High Rates of Depression, Mortality in Older Adults Undergoing TAVR or SAVR
Depressive symptoms were present at baseline in 1 in 3 individuals undergoing TAVR or SAVR.
Depression is a risk factor for adverse outcomes in older adults undergoing transcatheter (TAVR) or surgical (SAVR) aortic valve replacement. A recent Canadian study published in JAMA Cardiology found that one-third of these patients showed depressive symptoms at baseline and a higher risk for short- and mid-term mortality. Moreover, patients with persistent depressive symptoms at follow-up had the highest risk for mortality.
The researchers analyzed data from the multicenter multinational Frailty Aortic Valve Replacement (FRAILTY-AVR) study from November 15, 2011 through April 7, 2016. Individuals who underwent TAVR or SAVR (age ≥70) were enrolled in the study.
Depressive symptoms were evaluated using the Geriatric Depression Scale (GDS) Short Form at baseline and follow-up.
The main outcome was all-cause mortality at 1 and 12 months following TAVR or SAVR. The researchers used logistic regression to determine the association between depression and mortality after adjusting for confounders (eg, frailty and cognitive impairment).
Of the 1035 study participants — 427 men (41.3%) and 608 women (58.7%); mean age standard deviation (SD) 81.4 (6.1) years — 326 (31.5%) had a positive result with screening for depression, although only 89 (8.6%) had depression documented in their clinical record.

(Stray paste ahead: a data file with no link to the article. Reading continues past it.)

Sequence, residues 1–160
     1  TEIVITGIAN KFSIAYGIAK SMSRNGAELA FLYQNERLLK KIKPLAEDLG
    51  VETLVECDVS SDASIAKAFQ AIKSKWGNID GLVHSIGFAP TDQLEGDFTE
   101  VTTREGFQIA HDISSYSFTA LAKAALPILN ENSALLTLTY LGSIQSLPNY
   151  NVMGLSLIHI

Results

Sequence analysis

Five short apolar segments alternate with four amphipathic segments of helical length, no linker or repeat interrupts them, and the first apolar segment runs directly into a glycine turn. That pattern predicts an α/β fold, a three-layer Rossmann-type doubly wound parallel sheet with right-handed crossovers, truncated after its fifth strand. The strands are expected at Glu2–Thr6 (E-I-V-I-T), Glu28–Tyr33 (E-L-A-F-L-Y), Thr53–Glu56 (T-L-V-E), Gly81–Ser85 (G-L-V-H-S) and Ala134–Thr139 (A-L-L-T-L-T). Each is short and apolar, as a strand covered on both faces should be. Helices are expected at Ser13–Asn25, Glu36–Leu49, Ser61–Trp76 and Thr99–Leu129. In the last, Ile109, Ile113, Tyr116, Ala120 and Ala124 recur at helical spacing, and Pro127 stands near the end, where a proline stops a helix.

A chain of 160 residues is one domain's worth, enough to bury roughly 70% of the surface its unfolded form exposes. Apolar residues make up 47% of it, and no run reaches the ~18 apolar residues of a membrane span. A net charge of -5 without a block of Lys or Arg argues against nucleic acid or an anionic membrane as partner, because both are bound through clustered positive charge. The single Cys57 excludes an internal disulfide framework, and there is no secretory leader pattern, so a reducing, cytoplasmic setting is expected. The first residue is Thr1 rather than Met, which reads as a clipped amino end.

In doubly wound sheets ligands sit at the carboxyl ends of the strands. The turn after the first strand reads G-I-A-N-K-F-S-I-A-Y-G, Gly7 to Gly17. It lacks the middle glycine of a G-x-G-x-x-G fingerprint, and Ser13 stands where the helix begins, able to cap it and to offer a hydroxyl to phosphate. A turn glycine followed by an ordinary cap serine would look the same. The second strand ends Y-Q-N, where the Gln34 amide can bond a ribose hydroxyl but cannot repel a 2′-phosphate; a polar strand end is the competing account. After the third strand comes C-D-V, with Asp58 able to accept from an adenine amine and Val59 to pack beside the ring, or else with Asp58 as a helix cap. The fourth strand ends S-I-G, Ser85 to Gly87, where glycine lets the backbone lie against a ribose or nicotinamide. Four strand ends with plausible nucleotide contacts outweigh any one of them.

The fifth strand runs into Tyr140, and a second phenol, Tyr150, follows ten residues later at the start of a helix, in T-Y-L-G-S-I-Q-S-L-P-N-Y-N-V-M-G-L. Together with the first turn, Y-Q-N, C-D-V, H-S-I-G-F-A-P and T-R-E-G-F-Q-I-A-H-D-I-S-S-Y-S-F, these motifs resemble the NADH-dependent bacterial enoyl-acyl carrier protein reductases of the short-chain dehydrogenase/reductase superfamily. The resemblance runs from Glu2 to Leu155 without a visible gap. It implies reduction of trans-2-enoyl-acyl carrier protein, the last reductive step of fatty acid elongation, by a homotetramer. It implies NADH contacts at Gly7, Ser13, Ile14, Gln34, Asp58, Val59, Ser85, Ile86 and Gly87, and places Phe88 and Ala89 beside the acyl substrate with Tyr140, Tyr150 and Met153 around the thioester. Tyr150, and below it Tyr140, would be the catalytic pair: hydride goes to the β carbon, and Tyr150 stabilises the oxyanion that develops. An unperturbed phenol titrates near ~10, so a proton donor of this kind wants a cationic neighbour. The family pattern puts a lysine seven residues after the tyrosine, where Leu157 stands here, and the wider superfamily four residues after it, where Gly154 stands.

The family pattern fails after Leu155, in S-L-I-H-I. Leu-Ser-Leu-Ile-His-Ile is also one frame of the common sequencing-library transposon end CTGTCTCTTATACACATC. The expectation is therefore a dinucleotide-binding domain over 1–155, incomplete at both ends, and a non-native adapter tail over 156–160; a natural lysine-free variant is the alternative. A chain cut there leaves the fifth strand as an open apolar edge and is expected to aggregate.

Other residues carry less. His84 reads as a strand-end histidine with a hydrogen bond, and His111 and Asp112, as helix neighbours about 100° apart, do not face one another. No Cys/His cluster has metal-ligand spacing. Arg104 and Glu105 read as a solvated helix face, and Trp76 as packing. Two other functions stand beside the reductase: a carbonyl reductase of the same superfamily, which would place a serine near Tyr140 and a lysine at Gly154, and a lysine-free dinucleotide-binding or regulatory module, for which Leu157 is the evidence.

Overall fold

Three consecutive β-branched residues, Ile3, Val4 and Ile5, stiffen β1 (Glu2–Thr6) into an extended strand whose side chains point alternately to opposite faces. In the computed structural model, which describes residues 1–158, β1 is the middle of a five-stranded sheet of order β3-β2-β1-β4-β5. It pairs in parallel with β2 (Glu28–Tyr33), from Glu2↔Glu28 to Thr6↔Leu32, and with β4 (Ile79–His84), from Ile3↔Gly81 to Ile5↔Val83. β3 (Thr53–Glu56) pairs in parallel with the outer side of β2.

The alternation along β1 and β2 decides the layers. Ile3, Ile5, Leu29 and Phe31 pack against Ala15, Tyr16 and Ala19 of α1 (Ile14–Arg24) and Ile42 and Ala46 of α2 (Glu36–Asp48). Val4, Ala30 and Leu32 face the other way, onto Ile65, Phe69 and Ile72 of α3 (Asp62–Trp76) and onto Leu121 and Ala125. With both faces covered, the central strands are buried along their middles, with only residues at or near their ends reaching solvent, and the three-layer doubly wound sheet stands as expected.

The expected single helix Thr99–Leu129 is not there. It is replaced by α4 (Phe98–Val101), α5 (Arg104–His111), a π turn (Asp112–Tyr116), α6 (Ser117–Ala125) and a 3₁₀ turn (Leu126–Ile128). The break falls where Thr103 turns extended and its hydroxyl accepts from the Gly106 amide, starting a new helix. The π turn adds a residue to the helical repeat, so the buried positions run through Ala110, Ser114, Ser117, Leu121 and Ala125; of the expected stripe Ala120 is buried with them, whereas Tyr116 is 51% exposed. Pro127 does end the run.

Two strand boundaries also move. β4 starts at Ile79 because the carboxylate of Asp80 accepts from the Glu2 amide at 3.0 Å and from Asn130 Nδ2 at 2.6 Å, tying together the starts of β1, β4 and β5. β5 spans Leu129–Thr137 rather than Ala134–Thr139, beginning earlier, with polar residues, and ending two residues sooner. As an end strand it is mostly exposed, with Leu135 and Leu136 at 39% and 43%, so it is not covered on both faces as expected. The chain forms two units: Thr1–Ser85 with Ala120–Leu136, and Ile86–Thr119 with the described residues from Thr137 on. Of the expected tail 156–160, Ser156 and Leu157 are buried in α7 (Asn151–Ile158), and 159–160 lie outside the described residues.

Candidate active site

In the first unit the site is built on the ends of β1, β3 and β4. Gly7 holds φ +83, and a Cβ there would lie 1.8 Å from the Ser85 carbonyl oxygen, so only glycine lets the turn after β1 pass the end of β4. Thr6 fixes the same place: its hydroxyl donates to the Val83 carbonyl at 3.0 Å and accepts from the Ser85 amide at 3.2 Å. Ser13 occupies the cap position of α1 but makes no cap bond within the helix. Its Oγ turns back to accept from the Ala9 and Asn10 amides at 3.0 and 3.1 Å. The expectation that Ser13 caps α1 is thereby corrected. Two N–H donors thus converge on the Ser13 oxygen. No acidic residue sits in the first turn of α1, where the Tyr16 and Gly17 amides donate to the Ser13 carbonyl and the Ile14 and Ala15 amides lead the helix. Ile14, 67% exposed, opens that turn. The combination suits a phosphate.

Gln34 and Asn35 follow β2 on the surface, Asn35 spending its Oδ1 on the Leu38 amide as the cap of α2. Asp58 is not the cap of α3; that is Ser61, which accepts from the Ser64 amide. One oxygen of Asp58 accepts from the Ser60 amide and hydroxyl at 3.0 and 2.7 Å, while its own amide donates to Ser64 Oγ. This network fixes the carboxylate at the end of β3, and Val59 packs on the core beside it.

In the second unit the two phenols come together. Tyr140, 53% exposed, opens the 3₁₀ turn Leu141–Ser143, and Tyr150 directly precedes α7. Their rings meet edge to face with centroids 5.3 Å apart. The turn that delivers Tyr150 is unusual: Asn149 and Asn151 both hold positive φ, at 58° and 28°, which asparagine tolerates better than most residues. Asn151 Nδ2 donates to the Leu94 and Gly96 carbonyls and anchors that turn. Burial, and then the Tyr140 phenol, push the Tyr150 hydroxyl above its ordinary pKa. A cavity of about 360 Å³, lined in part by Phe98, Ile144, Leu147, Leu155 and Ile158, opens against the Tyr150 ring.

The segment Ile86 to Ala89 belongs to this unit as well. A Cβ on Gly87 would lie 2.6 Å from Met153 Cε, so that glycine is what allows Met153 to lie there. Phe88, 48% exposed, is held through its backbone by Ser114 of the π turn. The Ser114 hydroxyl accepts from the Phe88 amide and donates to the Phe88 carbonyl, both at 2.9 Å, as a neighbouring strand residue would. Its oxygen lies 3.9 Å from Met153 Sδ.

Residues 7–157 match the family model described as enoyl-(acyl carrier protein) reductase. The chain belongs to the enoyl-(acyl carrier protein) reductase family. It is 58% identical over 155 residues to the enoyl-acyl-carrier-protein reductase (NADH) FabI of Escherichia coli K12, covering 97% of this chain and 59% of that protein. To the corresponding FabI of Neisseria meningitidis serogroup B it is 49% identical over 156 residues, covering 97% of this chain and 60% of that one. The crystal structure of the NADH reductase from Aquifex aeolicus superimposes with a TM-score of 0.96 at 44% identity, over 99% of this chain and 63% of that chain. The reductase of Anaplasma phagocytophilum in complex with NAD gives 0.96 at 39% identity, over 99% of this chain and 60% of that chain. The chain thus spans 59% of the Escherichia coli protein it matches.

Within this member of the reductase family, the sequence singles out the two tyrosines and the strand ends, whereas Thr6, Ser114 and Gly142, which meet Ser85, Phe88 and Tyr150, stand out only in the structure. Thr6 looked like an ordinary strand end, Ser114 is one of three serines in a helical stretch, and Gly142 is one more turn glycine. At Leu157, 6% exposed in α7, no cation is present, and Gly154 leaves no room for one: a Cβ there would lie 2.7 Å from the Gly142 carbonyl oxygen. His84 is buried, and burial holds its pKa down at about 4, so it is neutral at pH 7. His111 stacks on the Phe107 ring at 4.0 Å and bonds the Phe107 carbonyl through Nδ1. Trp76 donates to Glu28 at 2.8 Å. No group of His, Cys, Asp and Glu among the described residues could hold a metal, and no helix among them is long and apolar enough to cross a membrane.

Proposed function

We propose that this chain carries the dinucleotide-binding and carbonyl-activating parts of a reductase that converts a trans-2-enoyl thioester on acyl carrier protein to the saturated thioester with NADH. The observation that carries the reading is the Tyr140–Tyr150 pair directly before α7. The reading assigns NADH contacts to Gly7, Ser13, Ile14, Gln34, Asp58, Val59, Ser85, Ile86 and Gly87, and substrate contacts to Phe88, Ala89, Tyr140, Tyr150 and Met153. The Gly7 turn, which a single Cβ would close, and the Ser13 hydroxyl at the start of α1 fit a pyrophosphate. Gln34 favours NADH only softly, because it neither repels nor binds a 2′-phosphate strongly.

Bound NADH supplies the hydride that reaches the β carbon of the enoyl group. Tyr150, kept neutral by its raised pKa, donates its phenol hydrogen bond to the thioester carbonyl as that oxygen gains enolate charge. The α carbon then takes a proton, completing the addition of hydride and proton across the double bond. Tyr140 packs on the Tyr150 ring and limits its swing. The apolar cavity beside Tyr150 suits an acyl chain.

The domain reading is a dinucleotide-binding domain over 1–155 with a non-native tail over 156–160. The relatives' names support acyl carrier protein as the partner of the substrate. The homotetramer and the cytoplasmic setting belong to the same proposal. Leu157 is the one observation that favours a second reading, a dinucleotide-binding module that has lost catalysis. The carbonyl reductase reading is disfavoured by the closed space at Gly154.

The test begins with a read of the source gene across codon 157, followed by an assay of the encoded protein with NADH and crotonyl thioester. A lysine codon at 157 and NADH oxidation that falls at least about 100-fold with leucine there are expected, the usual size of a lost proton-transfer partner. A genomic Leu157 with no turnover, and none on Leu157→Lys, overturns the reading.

Baseline depression was found to be associated with mortality at 1 month (odds ratio [OR] 2.20; 95% CI, 1.18-4.10) and at 12 months (OR 1.532; 95% CI, 1.03-2.24), after adjusting for clinical and geriatric confounders.
Persistent depression (ie, baseline depression that was still present 6 months after the procedure) was associated with a 3-fold increase in mortality at 12 months (OR 2.98; 95% CI, 1.08-8.20).
The researchers noted that their study was the first “to investigate the interplay among depression, frailty, and mortality in older adults undergoing TAVR and SAVR,” and that their findings suggest that “depression is underdiagnosed and affects as many as 1 in 3 patients in this context.”
The findings have important clinical implications. “Screening for depression may be justified during the baseline evaluation and follow-up of patients with severe aortic stenosis who are referred for aortic valve replacement,” they concluded.
Drudi LM, Ades M, Turkdogan S, et al. Association of depression with mortality in older adults undergoing transcatheter or surgical aortic valve replacement [published online January 17,2018]. JAMA Cardiol. doi:10.1001/jamacardio.2017.5064